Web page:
Thursday, April 25, 2013

Year One, Which Passed In Two Weeks.

As usual, I am unprepared.

We were going to bake your cake, and we haven't shopped for the ingredients. We were going to have a party, but decided to wait until the end of May when it's warm and everyone can be at the beach. We have to get you on a plane next week, and we're still running errands. I was going to write to you regularly so that you knew how I felt during the first year of your life; but I was working and writing a zombie play, wedding toasts, and seven minute pieces you got to watch instead.

We knew that every plan, from the birth plan to the apartment setup, was gonna go out the window. We made those plans without being too attached to them, because we figured you'd probably come along and change them all. We embraced that uncertainty as part of the ride. So much so, that we tend to be happily surprised when things like cloth diapers, food prep, and pumping at work actually stuck around this long.

The birth plan was the first to go, because it didn't suit you. You wanted out way faster than all this early labor and rest nonsense would allow - so you skipped it. Let's put Mama on the yoga ball in some Depends until Kathy, our friend and doula, gets there instead. That's more like it. Way funnier.

By filling your amniotic fluid with meconium, you eliminated the possibility of water birth. You knew what you were doing - you wanted Mama to have the epidural she warded off for six and a half hours. In you.

You threw your own plans out the window, though, sweet bird. You breathed that meconium in as you were about to trumpet your arrival with a joyful and powerful wail. So you couldn't breathe at all. I couldn't understand why I wasn't holding you and why I couldn't hear you. Then they wheeled you past me so I could touch your hand for a moment. Then you were gone.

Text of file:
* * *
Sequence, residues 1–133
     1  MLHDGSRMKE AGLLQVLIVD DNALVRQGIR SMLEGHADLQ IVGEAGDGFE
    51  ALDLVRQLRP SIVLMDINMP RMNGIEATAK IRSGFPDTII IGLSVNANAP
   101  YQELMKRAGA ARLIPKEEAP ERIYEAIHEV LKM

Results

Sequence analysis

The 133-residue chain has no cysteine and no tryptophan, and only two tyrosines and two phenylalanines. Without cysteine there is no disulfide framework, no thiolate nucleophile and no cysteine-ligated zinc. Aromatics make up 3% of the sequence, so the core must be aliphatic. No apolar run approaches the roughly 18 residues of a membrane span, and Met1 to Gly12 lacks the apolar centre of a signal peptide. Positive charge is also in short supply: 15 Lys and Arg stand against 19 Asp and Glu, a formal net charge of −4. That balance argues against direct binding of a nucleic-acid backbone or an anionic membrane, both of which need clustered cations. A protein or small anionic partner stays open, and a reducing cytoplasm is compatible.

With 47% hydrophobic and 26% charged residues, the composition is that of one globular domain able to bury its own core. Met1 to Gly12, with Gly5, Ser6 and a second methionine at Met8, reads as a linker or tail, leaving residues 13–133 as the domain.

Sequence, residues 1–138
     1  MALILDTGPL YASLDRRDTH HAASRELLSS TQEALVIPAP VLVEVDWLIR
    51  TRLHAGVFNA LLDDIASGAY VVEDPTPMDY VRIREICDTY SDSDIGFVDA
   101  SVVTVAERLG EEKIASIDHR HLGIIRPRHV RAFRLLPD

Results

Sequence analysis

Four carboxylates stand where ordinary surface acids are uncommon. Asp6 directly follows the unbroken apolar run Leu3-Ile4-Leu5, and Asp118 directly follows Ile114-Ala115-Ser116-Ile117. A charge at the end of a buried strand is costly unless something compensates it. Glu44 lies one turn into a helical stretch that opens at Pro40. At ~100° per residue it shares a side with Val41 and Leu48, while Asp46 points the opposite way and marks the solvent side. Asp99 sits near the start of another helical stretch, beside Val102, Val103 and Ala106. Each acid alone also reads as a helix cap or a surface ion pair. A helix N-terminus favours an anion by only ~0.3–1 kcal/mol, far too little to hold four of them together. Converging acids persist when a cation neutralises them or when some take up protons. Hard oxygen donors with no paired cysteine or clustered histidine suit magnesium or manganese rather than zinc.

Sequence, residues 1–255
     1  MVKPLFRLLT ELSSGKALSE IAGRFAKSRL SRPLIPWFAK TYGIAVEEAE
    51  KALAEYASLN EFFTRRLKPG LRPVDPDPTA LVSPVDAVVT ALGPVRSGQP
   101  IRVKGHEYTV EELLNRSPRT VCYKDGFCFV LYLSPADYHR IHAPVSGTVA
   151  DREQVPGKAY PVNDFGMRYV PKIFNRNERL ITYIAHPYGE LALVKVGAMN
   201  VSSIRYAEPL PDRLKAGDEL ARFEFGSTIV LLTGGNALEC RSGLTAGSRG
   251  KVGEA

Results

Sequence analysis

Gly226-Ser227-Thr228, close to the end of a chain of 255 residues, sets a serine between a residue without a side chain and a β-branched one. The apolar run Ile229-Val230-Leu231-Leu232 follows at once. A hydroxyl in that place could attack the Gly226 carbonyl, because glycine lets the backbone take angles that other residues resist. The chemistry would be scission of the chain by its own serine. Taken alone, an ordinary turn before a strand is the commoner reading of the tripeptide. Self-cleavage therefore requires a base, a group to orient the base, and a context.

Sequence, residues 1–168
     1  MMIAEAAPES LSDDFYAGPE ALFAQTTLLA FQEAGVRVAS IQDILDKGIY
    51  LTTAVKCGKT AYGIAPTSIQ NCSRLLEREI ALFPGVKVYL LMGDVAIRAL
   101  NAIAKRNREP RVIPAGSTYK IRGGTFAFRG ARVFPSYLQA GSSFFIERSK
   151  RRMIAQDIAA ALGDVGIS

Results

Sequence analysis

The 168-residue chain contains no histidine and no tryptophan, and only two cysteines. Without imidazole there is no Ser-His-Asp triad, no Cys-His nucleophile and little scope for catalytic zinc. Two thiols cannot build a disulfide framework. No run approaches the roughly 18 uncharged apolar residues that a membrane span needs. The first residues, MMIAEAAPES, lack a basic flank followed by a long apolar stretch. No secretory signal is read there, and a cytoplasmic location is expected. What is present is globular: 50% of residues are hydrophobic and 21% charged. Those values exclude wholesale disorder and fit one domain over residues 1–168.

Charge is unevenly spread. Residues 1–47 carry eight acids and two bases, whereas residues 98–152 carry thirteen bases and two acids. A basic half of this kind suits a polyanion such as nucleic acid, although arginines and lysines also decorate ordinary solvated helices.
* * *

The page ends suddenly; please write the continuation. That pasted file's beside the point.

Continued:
You scared the bejeezus out of your parents. Won't be the last time.

I didn't get to hold you for two days after you were born. That wasn't the plan, either. While doctors and nurses took excellent care of you and made sure you could breathe, we stared at the empty bassinet in the recovery room, remaining positive. Remaining tired. When we finally saw you hooked up to a vent and monitored, we were terrified and hopeful all at once. And tired. Did I mention that? And another feeling - reflective. Your grandmother exited this world being monitored this way, surrounded by people trying to help her breathe. Same machines. Same setup. "Do you know what a blood gas is?" the nurses asked. Your father and I quickly said yes. We hoped this familiarity wasn't a negative sign. Turns out, it wasn't.

Holding you for the first time was one of the most incredible moments of my life. Every emotion flooded me at once and it was all I could do to not swallow you and put you back in my belly to keep you safe. Yeah, I know that's not how it works. I didn't say I DID it.

That moment was all the sweeter for the waiting. All the sweeter because it meant you would make it.

We took you home on May 5, 2012. Since then, you've surprised us over and over. You sleep like your mother - someone who adores sleep. You eat like both of your parents - like someone who adores food. You've grown 12 teeth - 12! - this year. You're making your own schedule. You laugh and smile and clap and splash and wave and walk and sing and you. Like Gilda. Like the Gilda Madeline Pasko you are and will become. Someone amazing, bright, and infectiously happy.

I will never be prepared for you. I don't ever want to be. I like your surprises most of the time. Most. Don't get any ideas.

I love you with all that I am. You and your father have made me the happiest and luckiest woman alive. He spends the days with you, and I am so grateful. Jealous, but grateful. I miss you both all day, and coming home each day is a party. Sometimes a loud party, but it's still one I want to be invited to over and over. I call you and your father my Everythings. Sounds dramatic, sure, but I'll be damned if it isn't true.

Happy birthday to my Little. My Munchkin. My Gilda Bird.

Thank you for you.

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